On our surveys, we have seen many young rockfish recruits settling onto the rocky reefs this year. These fish, born as tiny larvae, spend several weeks to a month in the open ocean environment where they grow to fully formed fish before coming back to the reefs to settle and grow up to become adult fish. The numbers of young arriving at a given reef varies greatly among years and it looks like this will be a great year for their recruitment with large numbers of young arriving. As the survey season progresses we will be able to see if this trend continues and document it in our data. We have not only seen many tiny fish on the reefs but also have gotten many reports of exciting sightings above the water. Our volunteers have seen large numbers of whales and dolphins near our sites or on the boat trips to and from the surveys. Especially in the Monterey Bay region an exceptional number of blue and humpback whales have been seen. These are always great moments when the boat captain announces a whale sighting and slows the boat. Many times we are able to watch them as they pass by the boat until they dive again to feed on the abundant krill in the bay.  

We are looking forward to continuing our surveys throughout the state this season and hopefully will expand our network of sites as we have done every year in the past to include some previously unmonitored reefs in our network of RCCA sites. If you are an RCCA diver and would like to join us for surveys, go to the RCCA forum for survey dates and locations. Even if you have not been recertified this year there are always possibilities to practice and become a current Reef Checker on the surveys. Check out the dates and sites and come along for fun and exciting Reef Check surveys this diving season!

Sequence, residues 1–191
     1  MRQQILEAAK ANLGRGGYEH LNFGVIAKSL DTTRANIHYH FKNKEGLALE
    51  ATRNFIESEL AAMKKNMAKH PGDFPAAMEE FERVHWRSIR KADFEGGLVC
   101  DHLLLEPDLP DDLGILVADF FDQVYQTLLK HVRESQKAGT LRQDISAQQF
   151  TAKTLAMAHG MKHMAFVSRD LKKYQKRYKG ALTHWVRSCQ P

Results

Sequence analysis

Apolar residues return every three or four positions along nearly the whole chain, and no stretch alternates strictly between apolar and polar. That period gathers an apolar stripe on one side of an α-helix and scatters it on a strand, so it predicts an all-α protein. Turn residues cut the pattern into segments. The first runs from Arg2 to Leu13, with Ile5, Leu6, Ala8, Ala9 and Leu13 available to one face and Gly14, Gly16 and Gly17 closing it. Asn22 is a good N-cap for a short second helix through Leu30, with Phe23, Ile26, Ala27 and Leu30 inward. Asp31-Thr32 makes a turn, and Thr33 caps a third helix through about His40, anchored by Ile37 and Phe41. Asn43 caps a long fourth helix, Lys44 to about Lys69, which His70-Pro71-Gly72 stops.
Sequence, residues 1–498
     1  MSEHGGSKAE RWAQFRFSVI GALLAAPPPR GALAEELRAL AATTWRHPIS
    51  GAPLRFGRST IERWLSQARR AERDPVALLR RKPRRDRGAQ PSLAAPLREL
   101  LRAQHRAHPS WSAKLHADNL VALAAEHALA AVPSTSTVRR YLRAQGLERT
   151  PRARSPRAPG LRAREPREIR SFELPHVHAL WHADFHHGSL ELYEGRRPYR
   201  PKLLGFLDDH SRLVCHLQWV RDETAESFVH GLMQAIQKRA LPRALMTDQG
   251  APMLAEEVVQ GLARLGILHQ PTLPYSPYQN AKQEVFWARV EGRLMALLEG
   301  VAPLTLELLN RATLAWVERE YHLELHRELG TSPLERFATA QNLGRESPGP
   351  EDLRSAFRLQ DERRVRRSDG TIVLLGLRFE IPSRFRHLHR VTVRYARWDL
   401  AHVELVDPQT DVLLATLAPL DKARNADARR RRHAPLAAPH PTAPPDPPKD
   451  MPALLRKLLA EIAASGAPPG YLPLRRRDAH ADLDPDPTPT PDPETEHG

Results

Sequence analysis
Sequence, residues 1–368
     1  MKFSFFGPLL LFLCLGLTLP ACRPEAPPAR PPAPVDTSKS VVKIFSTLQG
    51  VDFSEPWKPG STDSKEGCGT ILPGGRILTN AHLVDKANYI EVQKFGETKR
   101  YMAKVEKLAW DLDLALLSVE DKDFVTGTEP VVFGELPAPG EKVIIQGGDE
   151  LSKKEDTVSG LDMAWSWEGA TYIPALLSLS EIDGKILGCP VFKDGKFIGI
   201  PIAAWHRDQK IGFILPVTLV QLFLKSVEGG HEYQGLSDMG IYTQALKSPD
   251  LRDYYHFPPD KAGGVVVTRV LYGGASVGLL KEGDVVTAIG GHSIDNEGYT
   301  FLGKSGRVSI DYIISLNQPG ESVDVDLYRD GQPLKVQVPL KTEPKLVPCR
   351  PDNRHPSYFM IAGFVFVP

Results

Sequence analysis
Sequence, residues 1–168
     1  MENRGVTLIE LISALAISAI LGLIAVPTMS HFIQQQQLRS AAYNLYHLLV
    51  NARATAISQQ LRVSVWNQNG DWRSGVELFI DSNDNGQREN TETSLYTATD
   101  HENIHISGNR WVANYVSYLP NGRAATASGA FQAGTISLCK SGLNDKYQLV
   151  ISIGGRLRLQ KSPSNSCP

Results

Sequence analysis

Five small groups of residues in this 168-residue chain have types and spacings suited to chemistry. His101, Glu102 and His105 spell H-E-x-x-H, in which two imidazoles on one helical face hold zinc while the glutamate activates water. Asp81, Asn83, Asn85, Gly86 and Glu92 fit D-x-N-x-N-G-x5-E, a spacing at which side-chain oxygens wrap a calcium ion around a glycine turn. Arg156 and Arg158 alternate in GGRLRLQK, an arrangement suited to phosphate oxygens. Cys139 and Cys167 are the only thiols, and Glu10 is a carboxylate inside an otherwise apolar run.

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Technical Question of the Month

Each month, Reef Check will answer a technical question regarding the monitoring protocol of our coral reef or rocky reef programs. If you have a question you would like answered, please email rcinfo@reefcheck.org.

Reef Check California -- Why do we count the number of kelp plants and their stipes?

Giant kelp (Macrocystis pyrifera) is a large seaweed that grows from the rocky seafloor all the way to the surface of the ocean where it forms large canopies that can be seen from shore. By growing through the entire water column these algae provide habitat, shelter, and food for many of the fish and invertebrate species that live on these rocky reefs - just as trees do in a forest on land. Because giant kelp is so fundamental to the biological communities on rocky reefs along the California coast, Reef Check California divers count this species on their transects. But how do we insure that we capture in our data the important physical structure and biomass that the kelp provides?

In contrast to trees in a terrestrial forest where each plant has one trunk that supports the leafy canopy, kelp forests are structured differently. Each individual kelp plant* is made up of many ‘stipes’, or rope-like branches, that grow from the ‘holdfast’, a root-like structure that anchors the kelp to the reef. As a kelp plant grows, its stipes become longer and more numerous. Therefore, the older a kelp plant, the more structure and habitat it can provide to the reef community. If we were just to count the number of kelp plants on a reef we would not capture this important difference between small kelp plants and larger, older plants. In order to document the size, and hence the amount of habitat the kelp provides, we count the number of stipes of each kelp plant on our transects. At our survey sites, we encounter very differently structured kelp forests. Sometimes they are made up of many, many small individuals, which have only a few stipes each, and in other areas we find forests with fewer but larger plants with over a hundred stipes each. By counting the number of individuals as well as the number of their stipes, we can use our data to describe the important differences in the habitat structure that this forest-building algae provides to the rocky reef community.